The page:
The Washington Post, via the Chicago Tribune, Dec. 11, 2002
By Alan Cooperman
WASHINGTON — During every Ramadan, the Islamic holy month that ended last week, there is a surge of charitable giving by American Muslims, fulfilling their annual religious obligation to donate 2.5 percent of their net wealth to the poor.
This year, there is a difference in the pattern of giving: According to American Muslim charities, many Muslims made their gifts anonymously or in cash. They contributed less to mosques and international humanitarian groups — but more to organizations that defend the civil liberties of Muslim Americans.
Some American Muslims said they avoided institutional charities altogether, either by handing money directly to needy people in their communities or by wiring funds to relatives to distribute overseas.
Muslim community leaders attributed these shifts to fallout from the Bush administration’s crackdown on charities suspected of diverting funds to Al Qaeda and other terrorist groups. Following the terrorist attacks of Sept. 11, 2001, the administration shut down three of the five largest international Islamic humanitarian organizations operating in the United States and froze about $8 million of their assets. The groups have appealed, so far without success.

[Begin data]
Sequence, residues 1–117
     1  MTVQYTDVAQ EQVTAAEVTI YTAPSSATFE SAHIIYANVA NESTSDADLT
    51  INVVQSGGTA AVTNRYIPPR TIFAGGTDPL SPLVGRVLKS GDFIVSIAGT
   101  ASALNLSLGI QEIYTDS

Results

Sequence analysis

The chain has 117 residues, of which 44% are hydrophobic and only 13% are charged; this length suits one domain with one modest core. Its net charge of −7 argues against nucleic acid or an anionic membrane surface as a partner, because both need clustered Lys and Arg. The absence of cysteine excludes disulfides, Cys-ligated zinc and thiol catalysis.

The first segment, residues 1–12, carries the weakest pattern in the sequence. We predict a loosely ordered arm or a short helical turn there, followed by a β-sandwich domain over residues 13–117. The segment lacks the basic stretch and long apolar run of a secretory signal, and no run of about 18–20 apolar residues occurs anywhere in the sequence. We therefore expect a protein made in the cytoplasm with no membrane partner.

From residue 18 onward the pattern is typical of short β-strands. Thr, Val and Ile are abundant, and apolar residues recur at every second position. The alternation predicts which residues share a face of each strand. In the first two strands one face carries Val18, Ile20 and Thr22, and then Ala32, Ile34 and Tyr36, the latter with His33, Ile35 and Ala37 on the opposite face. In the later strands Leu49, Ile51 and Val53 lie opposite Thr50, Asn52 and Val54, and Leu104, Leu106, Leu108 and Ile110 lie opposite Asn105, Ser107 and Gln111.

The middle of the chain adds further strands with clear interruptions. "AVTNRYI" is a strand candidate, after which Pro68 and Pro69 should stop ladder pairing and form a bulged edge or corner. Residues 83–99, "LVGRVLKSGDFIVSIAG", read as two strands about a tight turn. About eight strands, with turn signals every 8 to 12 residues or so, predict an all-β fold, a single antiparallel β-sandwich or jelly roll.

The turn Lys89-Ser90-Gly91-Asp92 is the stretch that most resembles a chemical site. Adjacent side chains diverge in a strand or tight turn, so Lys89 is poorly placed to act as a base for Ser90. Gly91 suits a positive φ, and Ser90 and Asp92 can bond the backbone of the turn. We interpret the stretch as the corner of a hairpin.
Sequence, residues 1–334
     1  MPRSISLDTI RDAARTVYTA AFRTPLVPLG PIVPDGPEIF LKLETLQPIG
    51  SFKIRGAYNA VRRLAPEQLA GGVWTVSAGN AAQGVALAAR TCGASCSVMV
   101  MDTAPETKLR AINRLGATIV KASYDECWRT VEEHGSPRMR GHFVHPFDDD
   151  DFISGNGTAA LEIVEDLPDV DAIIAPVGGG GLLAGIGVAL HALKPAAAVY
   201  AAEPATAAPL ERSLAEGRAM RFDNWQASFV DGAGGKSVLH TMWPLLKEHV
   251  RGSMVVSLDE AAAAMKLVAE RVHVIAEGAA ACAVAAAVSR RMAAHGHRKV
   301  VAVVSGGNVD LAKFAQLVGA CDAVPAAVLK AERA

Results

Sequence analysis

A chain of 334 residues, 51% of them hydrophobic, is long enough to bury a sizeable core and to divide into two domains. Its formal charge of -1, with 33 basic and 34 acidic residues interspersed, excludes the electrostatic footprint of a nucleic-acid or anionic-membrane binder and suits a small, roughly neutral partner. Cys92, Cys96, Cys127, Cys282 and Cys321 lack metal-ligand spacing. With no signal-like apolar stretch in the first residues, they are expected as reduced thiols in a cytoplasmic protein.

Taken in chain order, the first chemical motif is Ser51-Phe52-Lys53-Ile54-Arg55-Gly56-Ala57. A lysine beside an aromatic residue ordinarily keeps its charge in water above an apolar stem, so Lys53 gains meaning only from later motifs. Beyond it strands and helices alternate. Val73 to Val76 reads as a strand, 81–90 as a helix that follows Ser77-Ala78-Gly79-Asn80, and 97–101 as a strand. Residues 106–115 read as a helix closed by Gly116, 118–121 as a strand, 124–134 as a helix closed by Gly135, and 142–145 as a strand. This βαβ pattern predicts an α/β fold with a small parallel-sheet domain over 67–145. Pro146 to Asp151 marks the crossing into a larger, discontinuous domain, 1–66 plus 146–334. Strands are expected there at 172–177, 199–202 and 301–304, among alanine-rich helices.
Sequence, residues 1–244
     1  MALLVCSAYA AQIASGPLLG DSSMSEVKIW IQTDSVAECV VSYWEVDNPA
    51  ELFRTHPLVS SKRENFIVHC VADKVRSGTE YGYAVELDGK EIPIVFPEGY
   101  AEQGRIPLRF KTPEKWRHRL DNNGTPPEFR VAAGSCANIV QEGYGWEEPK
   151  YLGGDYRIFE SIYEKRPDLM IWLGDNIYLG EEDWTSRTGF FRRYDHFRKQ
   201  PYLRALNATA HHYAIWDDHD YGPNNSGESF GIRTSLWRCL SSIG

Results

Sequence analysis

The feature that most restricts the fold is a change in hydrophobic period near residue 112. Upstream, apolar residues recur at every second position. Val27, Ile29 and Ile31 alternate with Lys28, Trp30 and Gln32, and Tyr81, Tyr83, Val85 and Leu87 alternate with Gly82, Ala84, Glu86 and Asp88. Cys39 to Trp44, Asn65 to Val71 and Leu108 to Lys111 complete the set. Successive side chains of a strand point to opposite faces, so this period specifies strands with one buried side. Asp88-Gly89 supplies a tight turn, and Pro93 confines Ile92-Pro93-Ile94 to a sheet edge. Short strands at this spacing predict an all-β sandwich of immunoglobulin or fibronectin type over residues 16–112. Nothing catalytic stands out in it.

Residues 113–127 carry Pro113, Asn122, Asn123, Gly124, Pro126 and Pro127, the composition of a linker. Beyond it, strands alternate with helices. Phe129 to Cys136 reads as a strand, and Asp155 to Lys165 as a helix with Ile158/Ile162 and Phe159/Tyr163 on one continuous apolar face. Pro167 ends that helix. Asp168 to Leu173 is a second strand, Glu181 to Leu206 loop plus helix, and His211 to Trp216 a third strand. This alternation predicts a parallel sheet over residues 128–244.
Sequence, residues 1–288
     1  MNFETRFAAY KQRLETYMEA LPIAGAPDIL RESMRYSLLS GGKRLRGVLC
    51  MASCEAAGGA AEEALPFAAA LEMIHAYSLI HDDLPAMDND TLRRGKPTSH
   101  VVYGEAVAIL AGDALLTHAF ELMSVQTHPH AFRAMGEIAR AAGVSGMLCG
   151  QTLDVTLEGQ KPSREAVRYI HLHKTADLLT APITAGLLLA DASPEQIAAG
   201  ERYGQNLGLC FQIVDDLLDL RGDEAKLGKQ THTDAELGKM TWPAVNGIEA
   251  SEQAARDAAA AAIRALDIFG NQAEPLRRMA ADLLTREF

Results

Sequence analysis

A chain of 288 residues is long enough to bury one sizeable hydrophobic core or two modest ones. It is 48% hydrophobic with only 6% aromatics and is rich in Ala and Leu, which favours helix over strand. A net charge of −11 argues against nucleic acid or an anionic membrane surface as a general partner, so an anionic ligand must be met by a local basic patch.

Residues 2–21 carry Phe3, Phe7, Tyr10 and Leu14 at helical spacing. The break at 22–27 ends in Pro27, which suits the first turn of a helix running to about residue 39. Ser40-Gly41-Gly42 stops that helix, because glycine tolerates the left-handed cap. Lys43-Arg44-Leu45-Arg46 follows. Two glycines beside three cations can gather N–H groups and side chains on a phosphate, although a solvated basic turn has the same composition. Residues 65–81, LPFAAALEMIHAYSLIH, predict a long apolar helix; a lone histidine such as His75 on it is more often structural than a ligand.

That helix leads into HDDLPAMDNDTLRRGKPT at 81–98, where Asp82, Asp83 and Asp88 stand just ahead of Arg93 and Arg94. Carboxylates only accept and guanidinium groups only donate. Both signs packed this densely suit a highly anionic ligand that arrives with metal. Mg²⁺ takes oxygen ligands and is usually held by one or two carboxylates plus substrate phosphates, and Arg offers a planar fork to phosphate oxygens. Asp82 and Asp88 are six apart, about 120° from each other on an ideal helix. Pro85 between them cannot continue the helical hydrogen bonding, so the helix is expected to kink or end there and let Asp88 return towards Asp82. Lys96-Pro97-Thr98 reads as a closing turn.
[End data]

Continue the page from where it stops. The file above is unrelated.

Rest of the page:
Worshipers interviewed at mosques said the giving of zakat, or alms–a usually joyful endeavor that is one of the five pillars of the Islamic faith–was fraught with anxiety this year. Their concerns included wanting to be certain their money goes to the poor, worrying that it might get diverted and fearing government persecution.
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Taking a break?
“We don’t want our money to go to some bad organizations,” said Mohammed Arozullah, 66, at the Muslim Community Center in suburban Maryland. “And I don’t want my name in some kind of database.”
Salam Al-Marayati, executive director of the lobbying group Muslim Public Affairs Council, said government scrutiny has had “a definite chilling effect” on contributions to established Muslim charities. “There is fear of the government, a feeling that this is an instrument being used to intimidate and silence American Muslims,” Al-Marayati said.